Being an Archaeologist is great fun and being paid for it is even better! It’s a bit like being a detective – except that the evidence is just a little older... It is all about using the evidence to tell stories of how people lived in the past.
For me, by far the most enjoyable part is the fieldwork: the process of discovery! Nothing quite beats scraping away a layer of soil to reveal an object or a ruin that people left behind 1000s of years ago, and which tells part of their story.
An archaeologist’s work isn’t only about digging though. All excavations must be carefully planned for and recorded – so there’s a lot of emailing and report-writing to be done. We also provide advice on all manner of issues concerning the past. The most vital of these is identifying how important something is (whether it is an object, building or landscape) and what we need to do to protect it for the future.
Fieldwork can vary a lot. My recent projects include: mapping (with geophysical survey equipment) the ditches and banks surrounding the important Abbey on the island of Iona, finding a complete 18th century wine bottle in a field at Threave, and looking for the house of a freed slave at Culzean Castle.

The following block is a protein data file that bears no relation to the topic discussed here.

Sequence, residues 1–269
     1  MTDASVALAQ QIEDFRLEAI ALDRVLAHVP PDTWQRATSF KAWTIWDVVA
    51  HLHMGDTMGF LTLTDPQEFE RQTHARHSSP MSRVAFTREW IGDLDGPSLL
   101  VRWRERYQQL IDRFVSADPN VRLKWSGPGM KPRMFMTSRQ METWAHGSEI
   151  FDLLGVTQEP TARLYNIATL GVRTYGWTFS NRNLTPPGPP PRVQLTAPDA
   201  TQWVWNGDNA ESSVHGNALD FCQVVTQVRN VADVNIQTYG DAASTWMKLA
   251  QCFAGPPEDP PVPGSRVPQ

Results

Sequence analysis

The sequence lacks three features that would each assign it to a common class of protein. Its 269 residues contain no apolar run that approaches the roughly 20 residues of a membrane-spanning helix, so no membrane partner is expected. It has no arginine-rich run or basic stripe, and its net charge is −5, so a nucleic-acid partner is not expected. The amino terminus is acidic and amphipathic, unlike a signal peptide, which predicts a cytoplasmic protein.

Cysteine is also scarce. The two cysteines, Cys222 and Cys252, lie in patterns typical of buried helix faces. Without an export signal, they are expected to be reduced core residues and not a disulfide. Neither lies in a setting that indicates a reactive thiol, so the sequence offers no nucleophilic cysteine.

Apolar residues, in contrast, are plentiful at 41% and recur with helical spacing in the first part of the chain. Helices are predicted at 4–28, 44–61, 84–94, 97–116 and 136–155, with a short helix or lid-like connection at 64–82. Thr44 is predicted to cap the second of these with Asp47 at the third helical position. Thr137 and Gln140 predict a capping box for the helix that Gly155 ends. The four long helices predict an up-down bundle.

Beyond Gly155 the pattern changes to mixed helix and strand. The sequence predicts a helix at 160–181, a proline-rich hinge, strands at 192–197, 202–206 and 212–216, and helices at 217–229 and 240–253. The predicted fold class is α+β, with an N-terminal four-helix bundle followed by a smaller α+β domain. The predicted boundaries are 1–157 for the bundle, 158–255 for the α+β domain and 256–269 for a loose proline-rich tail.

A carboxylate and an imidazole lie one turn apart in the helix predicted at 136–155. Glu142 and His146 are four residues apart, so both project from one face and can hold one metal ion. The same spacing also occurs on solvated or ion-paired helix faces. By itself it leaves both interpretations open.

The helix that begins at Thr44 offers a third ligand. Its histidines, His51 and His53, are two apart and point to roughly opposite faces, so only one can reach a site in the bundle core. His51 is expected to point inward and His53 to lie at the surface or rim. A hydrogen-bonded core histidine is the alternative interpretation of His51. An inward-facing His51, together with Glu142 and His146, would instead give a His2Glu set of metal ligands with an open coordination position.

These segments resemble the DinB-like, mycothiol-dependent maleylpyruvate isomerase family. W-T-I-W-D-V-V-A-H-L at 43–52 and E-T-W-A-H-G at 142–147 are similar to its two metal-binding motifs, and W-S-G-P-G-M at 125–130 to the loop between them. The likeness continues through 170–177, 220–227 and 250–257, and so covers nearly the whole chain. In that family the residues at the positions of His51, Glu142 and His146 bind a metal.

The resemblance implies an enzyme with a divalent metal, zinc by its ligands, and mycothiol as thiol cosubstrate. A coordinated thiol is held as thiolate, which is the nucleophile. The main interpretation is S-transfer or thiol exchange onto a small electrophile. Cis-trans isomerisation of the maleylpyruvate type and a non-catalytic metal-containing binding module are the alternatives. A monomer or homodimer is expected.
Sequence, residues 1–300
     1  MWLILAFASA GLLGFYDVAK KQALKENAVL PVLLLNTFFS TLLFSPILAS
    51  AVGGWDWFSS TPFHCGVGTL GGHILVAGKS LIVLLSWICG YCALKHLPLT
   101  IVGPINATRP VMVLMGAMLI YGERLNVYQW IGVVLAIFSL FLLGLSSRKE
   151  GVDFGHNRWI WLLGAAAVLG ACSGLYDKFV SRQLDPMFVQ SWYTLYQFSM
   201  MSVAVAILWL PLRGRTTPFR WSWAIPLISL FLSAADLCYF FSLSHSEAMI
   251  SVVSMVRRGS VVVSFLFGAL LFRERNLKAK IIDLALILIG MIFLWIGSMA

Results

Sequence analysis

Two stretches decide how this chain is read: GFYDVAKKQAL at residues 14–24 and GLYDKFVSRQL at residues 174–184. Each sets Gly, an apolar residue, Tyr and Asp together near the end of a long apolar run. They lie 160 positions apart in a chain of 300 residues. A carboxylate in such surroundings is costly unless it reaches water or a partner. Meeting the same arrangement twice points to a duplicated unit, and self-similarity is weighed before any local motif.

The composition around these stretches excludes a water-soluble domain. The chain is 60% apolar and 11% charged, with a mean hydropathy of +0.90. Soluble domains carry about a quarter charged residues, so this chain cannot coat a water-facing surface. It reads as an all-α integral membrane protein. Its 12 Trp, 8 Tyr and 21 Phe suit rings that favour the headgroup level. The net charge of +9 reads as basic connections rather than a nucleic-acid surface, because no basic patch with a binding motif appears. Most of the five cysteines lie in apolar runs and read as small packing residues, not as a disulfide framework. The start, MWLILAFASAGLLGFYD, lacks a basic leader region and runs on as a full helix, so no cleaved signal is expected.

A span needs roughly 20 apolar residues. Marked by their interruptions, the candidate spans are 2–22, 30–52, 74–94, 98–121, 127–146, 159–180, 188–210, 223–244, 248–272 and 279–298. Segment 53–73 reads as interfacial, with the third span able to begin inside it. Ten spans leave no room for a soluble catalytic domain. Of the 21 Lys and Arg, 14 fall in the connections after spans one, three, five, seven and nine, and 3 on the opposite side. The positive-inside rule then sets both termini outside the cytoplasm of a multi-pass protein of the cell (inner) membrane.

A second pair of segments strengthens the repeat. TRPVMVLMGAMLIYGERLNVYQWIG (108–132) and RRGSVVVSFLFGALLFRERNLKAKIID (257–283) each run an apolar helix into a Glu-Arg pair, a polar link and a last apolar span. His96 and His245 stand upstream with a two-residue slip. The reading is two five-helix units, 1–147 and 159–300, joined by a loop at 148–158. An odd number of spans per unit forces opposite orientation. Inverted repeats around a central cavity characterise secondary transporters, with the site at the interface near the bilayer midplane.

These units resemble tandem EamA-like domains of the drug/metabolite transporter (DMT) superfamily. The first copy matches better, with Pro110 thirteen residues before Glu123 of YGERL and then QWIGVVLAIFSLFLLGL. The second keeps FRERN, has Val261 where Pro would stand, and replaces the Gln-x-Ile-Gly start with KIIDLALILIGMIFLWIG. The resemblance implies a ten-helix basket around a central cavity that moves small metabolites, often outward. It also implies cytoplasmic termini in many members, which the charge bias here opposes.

Most archaeologists have university degrees. Probably the best way to gain experience is by joining a local history/archaeology society (even if it is full of old people!) - and by volunteering for fieldwork. Gaining experience of survey or excavation work before going to University will give you an added advantage.
Here’s a 10-point checklist.
Although it is pretty poorly paid and, at the start, you’ll probably have to do a lot of volunteering, if you stick at it and really WANT it, you will get a job.
Finding an object that has been lost for 100s or 1000s of years is always exciting - and the more you learn about a subject connected to your project, the more interested you become!
Derek Alexander, Archaeologist,The National Trust for Scotland.
1. The scientific study and interpretation of the past, based on the uncovering, retrieval, recording and interpretation of information from physical objects (anything left by our ancestors whether it be small pieces of flint tools or entire medieval castles)
2. The systematic study of past human life and culture by the recovery and examination of remaining material evidence, such as graves, buildings, tools, and pottery.
If you want to find out more about the Trust’s archaeological conservation work, there is detailed information in the Archaeology section of the NTS website: www.nts.org.uk.
Some other good websites about archaeology:
Useful for finding out what sites are in your local area. Check their databases, including Canmore and Pastmap
Good information on archaeology in Scotland
UK's most popular archaeology magazine - provides info on digs and how to get a career in archaeology
The Scottish Government's department for Heritage and archaeology - has lots of free publications and leaflets)
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